By: Howard Cole
Home. The thought of this soft word conjures up cozy blankets, familiar faces and a place to finally rest. Have you ever been out and about when a familiar fragrance triggers a memory of home? The nostalgic ache can stop you in your tracks.
The human heart longs for home, a place of deep rootedness in a world full of external storms and the constant internal hurricane of fears that threaten to uproot us. Since more and more people are unaffiliated with a Christian church, what if Christians opened up their homes and eagerly practiced hospitality as a way to share the gospel?
When Rosaria Butterfield wrote The Gospel Comes with a Housekey, she opened an inviting door for the reader to walk through and a comfortable chair in which to sit and think about a theology of hospitality.
Why might you want to read it? If you ache to share Jesus with friends that are far from God in a “radically ordinary” way, as Butterfield puts it, then you’d enjoy learning fresh ways to use hospitality to connect others to Christ.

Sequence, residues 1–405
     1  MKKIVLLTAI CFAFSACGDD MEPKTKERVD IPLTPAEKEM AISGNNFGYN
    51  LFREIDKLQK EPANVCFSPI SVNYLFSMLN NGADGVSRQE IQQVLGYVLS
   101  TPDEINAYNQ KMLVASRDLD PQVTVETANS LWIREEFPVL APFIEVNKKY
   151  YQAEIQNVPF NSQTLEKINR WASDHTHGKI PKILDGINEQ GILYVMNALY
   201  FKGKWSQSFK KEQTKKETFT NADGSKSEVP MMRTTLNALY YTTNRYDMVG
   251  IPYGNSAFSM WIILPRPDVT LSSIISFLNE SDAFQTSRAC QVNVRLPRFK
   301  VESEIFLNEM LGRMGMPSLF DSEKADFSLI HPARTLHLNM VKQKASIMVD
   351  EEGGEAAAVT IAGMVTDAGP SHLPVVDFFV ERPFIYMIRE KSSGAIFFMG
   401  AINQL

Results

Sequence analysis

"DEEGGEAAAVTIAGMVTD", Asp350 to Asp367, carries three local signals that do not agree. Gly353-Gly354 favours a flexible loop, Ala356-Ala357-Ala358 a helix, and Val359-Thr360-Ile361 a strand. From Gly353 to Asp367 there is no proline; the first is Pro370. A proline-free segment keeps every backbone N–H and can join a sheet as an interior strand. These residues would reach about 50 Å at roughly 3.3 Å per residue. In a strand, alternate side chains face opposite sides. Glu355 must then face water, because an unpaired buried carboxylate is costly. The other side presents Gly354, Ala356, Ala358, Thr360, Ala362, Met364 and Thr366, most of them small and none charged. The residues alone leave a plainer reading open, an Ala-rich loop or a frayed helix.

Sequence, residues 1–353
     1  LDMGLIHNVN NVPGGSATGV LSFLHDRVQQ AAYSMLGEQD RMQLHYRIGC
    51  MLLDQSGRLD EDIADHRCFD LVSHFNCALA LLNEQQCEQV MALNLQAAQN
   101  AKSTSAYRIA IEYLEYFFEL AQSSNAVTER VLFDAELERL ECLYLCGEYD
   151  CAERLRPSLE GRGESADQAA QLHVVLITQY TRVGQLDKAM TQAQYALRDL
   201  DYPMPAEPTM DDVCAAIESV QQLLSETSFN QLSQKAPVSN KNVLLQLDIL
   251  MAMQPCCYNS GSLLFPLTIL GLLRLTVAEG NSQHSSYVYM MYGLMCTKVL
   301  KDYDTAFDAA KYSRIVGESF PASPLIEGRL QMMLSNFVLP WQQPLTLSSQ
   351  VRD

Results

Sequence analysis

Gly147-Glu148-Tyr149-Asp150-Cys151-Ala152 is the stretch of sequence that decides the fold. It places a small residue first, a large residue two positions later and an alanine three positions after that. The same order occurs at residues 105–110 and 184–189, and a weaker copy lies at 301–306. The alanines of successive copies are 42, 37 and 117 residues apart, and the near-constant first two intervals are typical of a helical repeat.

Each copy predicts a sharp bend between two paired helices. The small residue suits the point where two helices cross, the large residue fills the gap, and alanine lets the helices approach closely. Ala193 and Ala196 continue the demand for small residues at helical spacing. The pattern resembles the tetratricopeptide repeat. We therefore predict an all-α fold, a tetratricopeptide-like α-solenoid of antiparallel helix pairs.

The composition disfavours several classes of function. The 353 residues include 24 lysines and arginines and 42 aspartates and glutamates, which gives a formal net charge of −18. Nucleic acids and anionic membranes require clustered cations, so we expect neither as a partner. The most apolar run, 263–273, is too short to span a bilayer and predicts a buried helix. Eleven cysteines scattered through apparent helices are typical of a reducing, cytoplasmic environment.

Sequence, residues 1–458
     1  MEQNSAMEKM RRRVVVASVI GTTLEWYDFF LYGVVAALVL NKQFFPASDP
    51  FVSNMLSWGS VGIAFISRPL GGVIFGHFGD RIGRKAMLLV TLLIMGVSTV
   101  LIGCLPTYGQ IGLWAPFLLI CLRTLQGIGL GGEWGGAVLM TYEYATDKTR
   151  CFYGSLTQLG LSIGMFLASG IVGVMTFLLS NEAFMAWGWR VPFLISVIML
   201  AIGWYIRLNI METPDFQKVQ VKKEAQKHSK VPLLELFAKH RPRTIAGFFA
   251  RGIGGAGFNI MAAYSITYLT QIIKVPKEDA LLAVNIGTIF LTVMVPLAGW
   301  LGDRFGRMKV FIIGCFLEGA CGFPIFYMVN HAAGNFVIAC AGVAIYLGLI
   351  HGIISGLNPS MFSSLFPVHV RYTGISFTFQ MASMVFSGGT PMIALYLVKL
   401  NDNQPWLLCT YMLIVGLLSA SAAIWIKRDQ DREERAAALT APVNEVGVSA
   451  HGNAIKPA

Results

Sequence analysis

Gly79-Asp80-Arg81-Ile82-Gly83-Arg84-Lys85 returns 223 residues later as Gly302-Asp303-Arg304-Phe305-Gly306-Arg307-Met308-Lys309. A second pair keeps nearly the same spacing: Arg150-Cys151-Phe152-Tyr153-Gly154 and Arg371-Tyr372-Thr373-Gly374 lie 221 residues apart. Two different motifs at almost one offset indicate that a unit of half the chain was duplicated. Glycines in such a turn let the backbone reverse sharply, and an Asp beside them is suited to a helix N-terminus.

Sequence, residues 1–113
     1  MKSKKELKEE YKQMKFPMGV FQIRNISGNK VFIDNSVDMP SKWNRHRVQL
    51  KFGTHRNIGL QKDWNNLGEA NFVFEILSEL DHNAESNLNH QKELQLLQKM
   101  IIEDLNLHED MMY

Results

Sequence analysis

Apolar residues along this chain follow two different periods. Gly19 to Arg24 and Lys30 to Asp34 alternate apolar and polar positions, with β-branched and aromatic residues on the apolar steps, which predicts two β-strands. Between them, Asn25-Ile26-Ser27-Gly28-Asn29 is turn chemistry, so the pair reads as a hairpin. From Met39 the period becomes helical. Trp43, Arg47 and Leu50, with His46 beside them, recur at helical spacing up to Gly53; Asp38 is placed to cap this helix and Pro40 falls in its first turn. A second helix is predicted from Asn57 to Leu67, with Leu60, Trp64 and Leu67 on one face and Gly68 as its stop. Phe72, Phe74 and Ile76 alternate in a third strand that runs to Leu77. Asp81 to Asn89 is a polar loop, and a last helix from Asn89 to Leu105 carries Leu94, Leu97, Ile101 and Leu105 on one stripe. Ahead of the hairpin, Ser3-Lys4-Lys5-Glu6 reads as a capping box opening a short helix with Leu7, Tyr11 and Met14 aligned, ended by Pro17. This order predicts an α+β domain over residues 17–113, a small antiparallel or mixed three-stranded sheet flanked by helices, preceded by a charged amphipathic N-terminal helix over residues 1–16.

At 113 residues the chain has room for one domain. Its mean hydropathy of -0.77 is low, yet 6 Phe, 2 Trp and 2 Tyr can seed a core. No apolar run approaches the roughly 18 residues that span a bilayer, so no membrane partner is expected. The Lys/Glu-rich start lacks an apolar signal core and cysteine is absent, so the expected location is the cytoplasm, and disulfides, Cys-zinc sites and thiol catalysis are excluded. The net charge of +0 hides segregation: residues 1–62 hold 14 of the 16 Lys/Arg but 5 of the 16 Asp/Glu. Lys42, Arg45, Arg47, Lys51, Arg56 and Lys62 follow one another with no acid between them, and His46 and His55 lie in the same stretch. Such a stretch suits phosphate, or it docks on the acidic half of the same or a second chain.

But let the reader beware. Butterfield doesn’t sugar coat the Scripture’s clear command to practice hospitality (c.f. Hebrews 12:1-3 “do not neglect hospitality”). She writes:
Our cold and hard hearts; our failure to love the stranger; our selfishness with our money, our time, and our home; and our privileged back turned against widows, orphans, prisoners, and refugees mean we are guilty in the face of God of withholding love and Christian witness. . . .(61)
Let the reader also be comforted. Butterfield admits her own shortcomings and sin in a raw, revealing manner. Through the use of several stories, she interweaves key Scriptures to show that hospitality is simpler than we think. But don’t be fooled. Though hospitality is simple, the sacrificial love is costly.
Remember that when Jesus returns, he’ll identify who belongs to his family as those who practiced radically ordinary hospitality:
Matthew 25:34-35 Then the King will say to those on his right, 'Come, you who are blessed by my Father, inherit the kingdom prepared for you from the foundation of the world. For I was hungry and you gave me food, I was thirsty and you gave me drink, I was a stranger and you welcomed me.
Where do we get the power to pull off the radically ordinary practice of hospitality? We root our lives in the gospel of grace. Jesus, the hospitality of God, has come to welcome sinners back into the family of God. He became homeless so that we might have a home forever. He was estranged so that we would be called friends of the living God.
How about getting her book and finding a cozy chair in which to relax and receive convicting and comforting truth and grace from her heart to yours?